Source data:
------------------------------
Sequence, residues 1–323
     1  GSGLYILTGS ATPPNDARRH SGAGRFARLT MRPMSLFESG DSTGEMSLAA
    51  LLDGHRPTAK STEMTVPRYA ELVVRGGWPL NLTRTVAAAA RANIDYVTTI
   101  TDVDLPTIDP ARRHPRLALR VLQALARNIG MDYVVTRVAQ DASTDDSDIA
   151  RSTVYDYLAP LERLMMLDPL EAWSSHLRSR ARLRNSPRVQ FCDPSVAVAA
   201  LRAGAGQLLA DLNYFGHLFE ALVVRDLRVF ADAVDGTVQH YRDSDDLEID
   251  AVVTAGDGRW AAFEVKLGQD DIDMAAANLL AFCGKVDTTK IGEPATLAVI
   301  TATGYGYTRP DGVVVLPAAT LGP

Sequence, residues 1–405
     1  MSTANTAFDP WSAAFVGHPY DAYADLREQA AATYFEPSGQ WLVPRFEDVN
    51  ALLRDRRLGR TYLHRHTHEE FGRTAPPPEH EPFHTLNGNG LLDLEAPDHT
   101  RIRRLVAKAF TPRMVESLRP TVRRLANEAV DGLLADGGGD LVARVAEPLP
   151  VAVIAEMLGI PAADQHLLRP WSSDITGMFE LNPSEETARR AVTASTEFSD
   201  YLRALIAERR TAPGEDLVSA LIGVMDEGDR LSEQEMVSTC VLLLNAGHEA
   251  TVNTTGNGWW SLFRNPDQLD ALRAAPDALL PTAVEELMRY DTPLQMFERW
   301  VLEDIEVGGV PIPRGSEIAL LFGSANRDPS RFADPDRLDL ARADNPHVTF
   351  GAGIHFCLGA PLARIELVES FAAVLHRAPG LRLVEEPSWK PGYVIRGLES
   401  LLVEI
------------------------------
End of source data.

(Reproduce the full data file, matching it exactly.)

Sequence, residues 1–323
     1  GSGLYILTGS ATPPNDARRH SGAGRFARLT MRPMSLFESG DSTGEMSLAA
    51  LLDGHRPTAK STEMTVPRYA ELVVRGGWPL NLTRTVAAAA RANIDYVTTI
   101  TDVDLPTIDP ARRHPRLALR VLQALARNIG MDYVVTRVAQ DASTDDSDIA
   151  RSTVYDYLAP LERLMMLDPL EAWSSHLRSR ARLRNSPRVQ FCDPSVAVAA
   201  LRAGAGQLLA DLNYFGHLFE ALVVRDLRVF ADAVDGTVQH YRDSDDLEID
   251  AVVTAGDGRW AAFEVKLGQD DIDMAAANLL AFCGKVDTTK IGEPATLAVI
   301  TATGYGYTRP DGVVVLPAAT LGP

Sequence, residues 1–405
     1  MSTANTAFDP WSAAFVGHPY DAYADLREQA AATYFEPSGQ WLVPRFEDVN
    51  ALLRDRRLGR TYLHRHTHEE FGRTAPPPEH EPFHTLNGNG LLDLEAPDHT
   101  RIRRLVAKAF TPRMVESLRP TVRRLANEAV DGLLADGGGD LVARVAEPLP
   151  VAVIAEMLGI PAADQHLLRP WSSDITGMFE LNPSEETARR AVTASTEFSD
   201  YLRALIAERR TAPGEDLVSA LIGVMDEGDR LSEQEMVSTC VLLLNAGHEA
   251  TVNTTGNGWW SLFRNPDQLD ALRAAPDALL PTAVEELMRY DTPLQMFERW
   301  VLEDIEVGGV PIPRGSEIAL LFGSANRDPS RFADPDRLDL ARADNPHVTF
   351  GAGIHFCLGA PLARIELVES FAAVLHRAPG LRLVEEPSWK PGYVIRGLES
   401  LLVEI